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Tuesday - September 17, 2019

Archive for the ‘ History of Boulder ’ Category

 

The Beginnings of Boulder

August 22nd, 2019

The story of Boulder, Colorado begins roughly 300 million years ago when our iconic Flatirons formed the seabed of the ocean that covered the better part of the North American continent. This sea, the Western Interior Seaway, ate away at the sandstone beneath it until it began to resemble the shape of the Flatirons we all know and love. It was not until about 40 million years ago that the Flatirons shifted into their present position when the Rocky Mountains were created, becoming part of the “Fountain Formation.” This formation includes other spectacular Colorado landmarks including the Red... Read More

A Brief History of CU Boulder

August 20th, 2019

Boulder’s first schoolhouse opened in 1860, but it was far from the last school to be built here! The University of Colorado in Boulder was established in the early 1870s when the Colorado territorial legislature made an amendment to the constitution that provided money for three universities. CU was, of course, one. The other two were the Colorado School of Mines in Golden and the Colorado Agricultural College in Fort Collins, both of which still exist today. But at first, there was some debate about exactly where to put the new university. Two cities were competing for it: Boulder and Cañon... Read More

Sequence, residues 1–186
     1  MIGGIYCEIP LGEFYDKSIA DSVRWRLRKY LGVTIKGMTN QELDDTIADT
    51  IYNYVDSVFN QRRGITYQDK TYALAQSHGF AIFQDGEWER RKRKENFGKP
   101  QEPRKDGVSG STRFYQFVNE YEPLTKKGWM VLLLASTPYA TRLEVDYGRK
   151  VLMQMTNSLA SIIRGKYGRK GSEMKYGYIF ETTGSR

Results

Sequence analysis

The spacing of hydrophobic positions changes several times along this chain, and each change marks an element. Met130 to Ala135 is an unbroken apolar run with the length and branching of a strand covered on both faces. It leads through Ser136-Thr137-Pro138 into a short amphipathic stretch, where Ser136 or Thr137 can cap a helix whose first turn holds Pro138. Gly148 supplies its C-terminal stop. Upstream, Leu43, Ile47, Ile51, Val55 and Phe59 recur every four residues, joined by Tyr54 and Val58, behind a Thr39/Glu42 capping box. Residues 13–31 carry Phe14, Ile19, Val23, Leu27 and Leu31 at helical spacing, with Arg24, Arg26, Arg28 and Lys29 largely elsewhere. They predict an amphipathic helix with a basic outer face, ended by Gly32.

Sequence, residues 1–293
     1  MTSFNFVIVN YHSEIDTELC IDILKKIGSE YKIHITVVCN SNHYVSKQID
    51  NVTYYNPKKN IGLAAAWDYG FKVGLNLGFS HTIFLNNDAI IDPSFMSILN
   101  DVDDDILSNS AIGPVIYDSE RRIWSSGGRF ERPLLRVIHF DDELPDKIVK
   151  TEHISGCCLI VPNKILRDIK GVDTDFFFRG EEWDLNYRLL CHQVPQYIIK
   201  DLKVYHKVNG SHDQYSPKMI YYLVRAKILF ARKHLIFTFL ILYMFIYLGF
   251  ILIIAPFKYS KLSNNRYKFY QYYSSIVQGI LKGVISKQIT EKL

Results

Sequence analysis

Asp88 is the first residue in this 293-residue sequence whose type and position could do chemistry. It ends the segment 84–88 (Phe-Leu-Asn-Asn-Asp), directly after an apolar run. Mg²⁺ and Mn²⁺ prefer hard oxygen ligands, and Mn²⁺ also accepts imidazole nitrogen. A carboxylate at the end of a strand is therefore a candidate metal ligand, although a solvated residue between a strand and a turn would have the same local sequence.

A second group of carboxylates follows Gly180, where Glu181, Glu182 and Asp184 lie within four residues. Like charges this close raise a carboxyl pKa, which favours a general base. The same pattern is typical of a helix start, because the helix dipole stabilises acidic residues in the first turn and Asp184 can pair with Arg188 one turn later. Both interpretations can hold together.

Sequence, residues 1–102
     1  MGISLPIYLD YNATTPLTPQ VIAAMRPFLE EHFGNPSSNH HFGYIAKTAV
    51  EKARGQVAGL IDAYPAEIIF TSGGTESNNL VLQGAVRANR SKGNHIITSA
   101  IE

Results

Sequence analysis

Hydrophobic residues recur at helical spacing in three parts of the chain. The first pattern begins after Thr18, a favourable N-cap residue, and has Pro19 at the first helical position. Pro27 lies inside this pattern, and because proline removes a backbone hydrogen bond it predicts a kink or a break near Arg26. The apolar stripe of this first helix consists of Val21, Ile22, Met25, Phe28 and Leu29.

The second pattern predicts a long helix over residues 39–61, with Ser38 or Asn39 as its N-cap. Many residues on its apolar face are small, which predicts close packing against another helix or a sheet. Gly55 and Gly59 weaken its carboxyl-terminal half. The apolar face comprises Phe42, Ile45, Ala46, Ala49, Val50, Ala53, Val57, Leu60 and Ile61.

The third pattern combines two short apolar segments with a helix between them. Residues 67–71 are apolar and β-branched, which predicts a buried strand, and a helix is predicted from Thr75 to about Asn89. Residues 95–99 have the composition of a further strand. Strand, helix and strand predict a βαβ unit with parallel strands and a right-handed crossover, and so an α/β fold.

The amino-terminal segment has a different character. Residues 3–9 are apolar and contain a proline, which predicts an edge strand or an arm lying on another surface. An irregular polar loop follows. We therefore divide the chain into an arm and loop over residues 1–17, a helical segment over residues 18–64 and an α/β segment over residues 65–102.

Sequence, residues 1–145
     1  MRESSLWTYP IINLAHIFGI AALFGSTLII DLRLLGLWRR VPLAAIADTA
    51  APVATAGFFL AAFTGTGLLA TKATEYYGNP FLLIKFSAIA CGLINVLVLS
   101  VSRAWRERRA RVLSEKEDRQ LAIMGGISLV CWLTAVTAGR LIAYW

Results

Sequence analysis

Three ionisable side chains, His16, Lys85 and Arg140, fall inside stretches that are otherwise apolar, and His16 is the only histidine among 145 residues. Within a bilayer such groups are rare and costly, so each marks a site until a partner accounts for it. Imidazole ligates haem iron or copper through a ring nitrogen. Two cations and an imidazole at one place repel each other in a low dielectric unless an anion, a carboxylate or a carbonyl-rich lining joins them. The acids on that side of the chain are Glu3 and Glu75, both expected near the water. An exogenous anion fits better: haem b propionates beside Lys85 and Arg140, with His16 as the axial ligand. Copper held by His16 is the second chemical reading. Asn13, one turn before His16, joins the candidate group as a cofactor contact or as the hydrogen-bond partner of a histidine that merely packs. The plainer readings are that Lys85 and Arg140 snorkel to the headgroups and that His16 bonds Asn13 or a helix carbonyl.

Chief Niwot and the Curse of Boulder Valley

August 14th, 2019

Chief Niwot (which means “Left Hand” in English) was a leader of the Southern Arapaho tribe born around 1825. He spent a great many winters in Boulder Valley, particularly at Valmont Butte, which is considered a sacred site for the Southern Arapaho. In 1851, the United States signed the Treaty of Fort Laramie with the Arapaho, Cheyenne, Crow, Sioux, Assiniboine, Mandan, Hidatsa, and Arikara nations. In it, US government acknowledged that much of the land between Oregon and the Rocky Mountains belonged to these tribes and in return, the Native Americans would allow wagon trains... Read More

Are the Flatirons Remnants of Ancient Beaches?

August 8th, 2019

You will learn how Boulder’s iconic Flatirons formed. Turns out, Boulder was once beachfront property. The Flatirons are Boulder’s favorite portion of the Fountain Formation, a geological formation of mostly red sandstone. This sandstone, more appropriately called “arkose” gets its color from the pinkish feldspar contained it it. This red rock makes up the Red Rocks of Morrison and the Garden of the Gods in Colorado Springs. The Fountain Formation stretches from Colorado Springs all the way to Wyoming. The reddish color is due to the concentration of feldspar in the sandstone,... Read More

Timeless Pieces of Boulder’s Architectural History

June 16th, 2019

With the holidays over, we figured we should refresh our minds with something different today. Boulder has a very interesting architectural history, especially the university campus. We will touch on some defining Boulder architectural projects which you have probably seen around town. Next time you’re out and about, maybe you’ll encounter some of these oh-so-Boulder building projects. The University Campus Of course we cannot skim Boulder’s architectural past without bringing up the University of Colorado campus. It began with the all-brick Old Main and soon grew into several... Read More